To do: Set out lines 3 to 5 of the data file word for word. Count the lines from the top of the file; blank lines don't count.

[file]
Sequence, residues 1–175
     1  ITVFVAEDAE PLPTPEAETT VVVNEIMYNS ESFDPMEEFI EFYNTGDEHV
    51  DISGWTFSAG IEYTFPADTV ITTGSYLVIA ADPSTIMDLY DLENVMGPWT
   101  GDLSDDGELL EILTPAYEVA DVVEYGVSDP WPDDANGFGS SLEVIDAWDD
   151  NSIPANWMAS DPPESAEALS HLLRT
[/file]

    51  DISGWTFSAG IEYTFPADTV ITTGSYLVIA ADPSTIMDLY DLENVMGPWT
   101  GDLSDDGELL EILTPAYEVA DVVEYGVSDP WPDDANGFGS SLEVIDAWDD
   151  NSIPANWMAS DPPESAEALS HLLRT